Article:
• Game: Video poker

She worked as San Diego's mayor and her gambling activities got out of control quickly. Her fascination with gambling quickly took the worst turn.

Yet, O'Connor has done very well in reducing risk relative to other unlucky gamblers, maybe something that politicians are hardwired to do. She gambled over $1 billion, but her losses ran to only $13 million. Better than the record of Kakavas, and definitely a lot better than the record of Watanabe.

O'Connor is probably one of the gamblers who lost it all, having had to borrow $2 million from the charitable fund of her second husband to spend the money on video poker. O'Connor is also the wife of the founder of the Jack-in-the-Box restaurant, Robert Peterson.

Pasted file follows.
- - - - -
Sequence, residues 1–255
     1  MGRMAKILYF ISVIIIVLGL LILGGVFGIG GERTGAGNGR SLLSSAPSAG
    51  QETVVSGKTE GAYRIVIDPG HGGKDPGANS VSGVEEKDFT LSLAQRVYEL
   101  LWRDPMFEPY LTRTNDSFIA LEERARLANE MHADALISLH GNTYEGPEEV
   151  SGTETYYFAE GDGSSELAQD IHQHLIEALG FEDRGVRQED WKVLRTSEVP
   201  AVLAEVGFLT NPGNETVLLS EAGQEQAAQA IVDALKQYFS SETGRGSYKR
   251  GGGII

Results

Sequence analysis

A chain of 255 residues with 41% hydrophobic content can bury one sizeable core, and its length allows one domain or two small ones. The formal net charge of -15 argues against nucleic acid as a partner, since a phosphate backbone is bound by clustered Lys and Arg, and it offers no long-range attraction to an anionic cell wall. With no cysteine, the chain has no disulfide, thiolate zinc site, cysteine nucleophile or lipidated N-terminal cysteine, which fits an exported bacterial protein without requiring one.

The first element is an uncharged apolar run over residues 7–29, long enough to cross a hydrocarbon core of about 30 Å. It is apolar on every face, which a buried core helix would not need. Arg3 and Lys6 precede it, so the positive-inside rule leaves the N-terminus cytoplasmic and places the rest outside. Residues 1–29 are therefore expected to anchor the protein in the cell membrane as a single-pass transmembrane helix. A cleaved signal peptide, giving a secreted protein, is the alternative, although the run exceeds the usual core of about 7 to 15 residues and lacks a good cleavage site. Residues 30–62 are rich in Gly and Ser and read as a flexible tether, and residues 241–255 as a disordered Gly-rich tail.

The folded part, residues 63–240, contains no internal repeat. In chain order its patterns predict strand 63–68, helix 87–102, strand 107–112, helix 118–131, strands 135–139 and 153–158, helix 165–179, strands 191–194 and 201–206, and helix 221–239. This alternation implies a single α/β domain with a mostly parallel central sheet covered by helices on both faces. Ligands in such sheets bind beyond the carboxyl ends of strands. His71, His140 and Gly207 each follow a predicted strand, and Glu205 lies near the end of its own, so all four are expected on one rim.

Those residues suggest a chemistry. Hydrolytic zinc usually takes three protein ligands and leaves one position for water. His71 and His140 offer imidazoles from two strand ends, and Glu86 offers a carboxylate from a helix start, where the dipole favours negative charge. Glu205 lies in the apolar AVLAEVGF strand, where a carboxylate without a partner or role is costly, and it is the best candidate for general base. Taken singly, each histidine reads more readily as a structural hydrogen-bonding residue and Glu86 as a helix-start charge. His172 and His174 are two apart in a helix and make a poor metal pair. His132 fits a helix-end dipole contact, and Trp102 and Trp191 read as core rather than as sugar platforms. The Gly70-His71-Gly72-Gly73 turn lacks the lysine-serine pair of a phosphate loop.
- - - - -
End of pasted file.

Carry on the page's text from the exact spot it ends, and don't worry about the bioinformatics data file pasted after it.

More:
O'Connor is full of praise, while her gambling addiction is definitely a little sensationalist for good taste. Her political and professional career was focused on merit and at the cost of hard work, all she accomplished came.

Archie Karas

Archie Karas
  • Total amount gambled: $40 million
  • Incurred losses: $40 million
  • Does he owe anything today? No
  • Game: Poker, Baccarat, Dice

Archie Karas is one of the most iconic gamblers to have lost everything. Archie, known for his ability to play high, has no problem taking any risk of getting a chance at anything better. In December 1992, he arrived in Las Vegas with just $50 to his credit and a loan of $10,000 that would come a little later. Archie was intensely playing poker for the next two years, amassing the fantastic $40 million in the process.

But the way it started was with a destitute Archie spotting a familiar face at The Mirage and applying for a $10,000 loan that would put in motion the wheels of fortune. He easily converted the money into $30,000 playing Razz $200/$400 limit and paid his beneficiary $20,000 back.

Binion's Horseshoe